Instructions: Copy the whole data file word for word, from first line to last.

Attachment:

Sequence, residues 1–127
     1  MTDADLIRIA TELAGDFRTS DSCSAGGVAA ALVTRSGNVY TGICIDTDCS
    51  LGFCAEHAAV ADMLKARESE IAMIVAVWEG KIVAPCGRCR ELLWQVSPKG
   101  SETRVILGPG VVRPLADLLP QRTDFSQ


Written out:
Sequence, residues 1–127
     1  MTDADLIRIA TELAGDFRTS DSCSAGGVAA ALVTRSGNVY TGICIDTDCS
    51  LGFCAEHAAV ADMLKARESE IAMIVAVWEG KIVAPCGRCR ELLWQVSPKG
   101  SETRVILGPG VVRPLADLLP QRTDFSQ